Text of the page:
Shadow Isles Celestials
The Shadow Isles region, historically, has always been one of the best support regions for Allegiance lists due to one particular card, Atrocity. This spell, for a long time, was the best finisher in the whole game, and, in the Eternal format, this card still captures hearts across the world.
The Shadow Isles version is basically the same deck, but with only one copy of Atrocity, or even sometimes two. These copies of cards not from Targon are so low in number, that they don't alter the deck's consistency in activating the Allegiance effect.
Atrocity brings a better end game for the deck, besides helping this archetype win mirror matches.
This list is dynamic enough to be consistent, finishing matches with many units on board, or just with a gigantic Celestial with a very high attack power. In the matches you were only able to Invoke one big Celestial to end the game, Atrocity helps you enhance your win rate.
So far, we haven't mentioned the champions in the deck.
Zoe is the main champion in this list, and levels up very easily in this archetype. Aphelios, on the other hand, is quite slow, and very situational. In some matches, Aphelios will be the star of the deck, with Gravitum stunning key-units on your opponent's side. But that happens very rarely.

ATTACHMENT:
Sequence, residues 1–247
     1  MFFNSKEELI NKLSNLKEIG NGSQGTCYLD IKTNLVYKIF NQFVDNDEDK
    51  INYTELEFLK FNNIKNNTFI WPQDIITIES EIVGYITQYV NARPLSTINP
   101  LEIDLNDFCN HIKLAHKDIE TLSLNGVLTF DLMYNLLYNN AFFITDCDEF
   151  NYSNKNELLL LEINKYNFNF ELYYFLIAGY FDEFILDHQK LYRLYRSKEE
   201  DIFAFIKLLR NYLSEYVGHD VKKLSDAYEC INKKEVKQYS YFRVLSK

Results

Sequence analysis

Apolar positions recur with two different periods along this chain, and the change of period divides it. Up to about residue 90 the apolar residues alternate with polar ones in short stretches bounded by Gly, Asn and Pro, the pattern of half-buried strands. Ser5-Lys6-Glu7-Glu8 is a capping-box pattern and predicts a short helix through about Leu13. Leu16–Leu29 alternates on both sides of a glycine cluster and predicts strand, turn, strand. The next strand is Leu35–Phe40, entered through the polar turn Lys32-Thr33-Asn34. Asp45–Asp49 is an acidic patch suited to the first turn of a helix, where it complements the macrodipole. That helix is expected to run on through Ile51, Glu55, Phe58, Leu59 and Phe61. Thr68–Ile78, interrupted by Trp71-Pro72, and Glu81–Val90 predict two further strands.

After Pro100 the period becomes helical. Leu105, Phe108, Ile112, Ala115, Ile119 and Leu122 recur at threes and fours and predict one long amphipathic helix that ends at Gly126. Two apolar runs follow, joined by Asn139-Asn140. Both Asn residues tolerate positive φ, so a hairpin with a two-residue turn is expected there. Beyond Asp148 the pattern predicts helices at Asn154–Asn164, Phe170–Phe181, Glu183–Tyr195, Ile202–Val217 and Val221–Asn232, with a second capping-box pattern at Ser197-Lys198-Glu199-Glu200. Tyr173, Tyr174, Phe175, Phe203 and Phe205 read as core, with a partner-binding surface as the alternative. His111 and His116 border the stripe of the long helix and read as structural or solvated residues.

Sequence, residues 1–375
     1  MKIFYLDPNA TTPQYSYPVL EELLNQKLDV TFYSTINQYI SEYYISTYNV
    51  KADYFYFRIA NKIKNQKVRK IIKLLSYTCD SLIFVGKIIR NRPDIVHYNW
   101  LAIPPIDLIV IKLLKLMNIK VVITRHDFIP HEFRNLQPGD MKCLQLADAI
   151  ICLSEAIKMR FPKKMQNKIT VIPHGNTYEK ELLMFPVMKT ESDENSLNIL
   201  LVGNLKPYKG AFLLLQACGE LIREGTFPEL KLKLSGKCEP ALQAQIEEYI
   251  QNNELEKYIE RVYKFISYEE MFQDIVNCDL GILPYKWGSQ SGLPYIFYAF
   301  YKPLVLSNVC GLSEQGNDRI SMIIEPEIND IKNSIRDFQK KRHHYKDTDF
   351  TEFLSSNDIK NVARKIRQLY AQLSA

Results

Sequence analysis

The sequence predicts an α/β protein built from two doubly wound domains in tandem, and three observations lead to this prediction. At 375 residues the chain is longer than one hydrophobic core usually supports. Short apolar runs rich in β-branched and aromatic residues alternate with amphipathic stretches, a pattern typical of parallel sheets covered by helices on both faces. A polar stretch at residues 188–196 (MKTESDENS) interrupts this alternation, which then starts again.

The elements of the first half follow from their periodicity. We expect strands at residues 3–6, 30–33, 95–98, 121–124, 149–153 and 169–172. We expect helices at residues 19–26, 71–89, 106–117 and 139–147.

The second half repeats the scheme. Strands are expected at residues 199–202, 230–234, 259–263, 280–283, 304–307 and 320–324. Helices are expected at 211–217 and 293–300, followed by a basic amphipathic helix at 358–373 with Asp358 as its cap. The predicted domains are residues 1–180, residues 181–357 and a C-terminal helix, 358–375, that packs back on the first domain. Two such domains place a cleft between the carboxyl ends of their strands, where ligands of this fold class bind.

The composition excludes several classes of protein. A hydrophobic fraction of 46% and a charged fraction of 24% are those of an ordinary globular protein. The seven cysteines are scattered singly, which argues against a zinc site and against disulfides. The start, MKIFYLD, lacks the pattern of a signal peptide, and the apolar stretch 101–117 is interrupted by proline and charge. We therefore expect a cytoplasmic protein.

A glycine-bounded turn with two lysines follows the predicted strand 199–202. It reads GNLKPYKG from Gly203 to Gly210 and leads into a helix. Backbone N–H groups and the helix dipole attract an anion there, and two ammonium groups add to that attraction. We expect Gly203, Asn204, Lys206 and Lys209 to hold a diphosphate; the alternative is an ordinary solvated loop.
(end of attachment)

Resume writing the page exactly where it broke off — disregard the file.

Diana is much better for this archetype. This champion can guarantee an offensive and very punctual presence very early on, and can be responsible for stopping a great part of your opponent's aggression on the first few turns.
Notice that the only card that changes in this list is the champion. And the deck automatically gets 6 additional points in its win rate. Amazing.
To finish, we have the Samira version, which, in my opinion, is the best of all.
Samira is nothing more than a better Diana. If you stop and think about it, both champions do the same thing, have the same stats, but Samira is more consistent, besides performing better as an independent unit.
Not to mention the deck can, currently, very easily, Invoke Celestial units and cheap spells because of Startipped Peak, and that makes it easier for Samira to level.
You might not bring Atrocity in this deck, but you don't miss that card as much in this archetype. As we're only taking one copy, many times you won't even draw the spell, and Celestials also finish the game much more frequently with extensive boards, than with big lonely units.
You'll be surprised with how often Samira levels up, and even more so when she Rallies.
Three copies of Samira don't butcher the consistency with which you activate Allegiance in the deck as well.
An unexpected addition here were the Draconic Bands, which really help you protect the champions, besides transforming them into eminent threats on board.
This deck is possibly the most well-refined form that we have for this archetype currently, but it is still possible we'll see new versions appearing in the meta.
If you've read this far, now you know the main difference among the Celestial lists in the Eternal meta.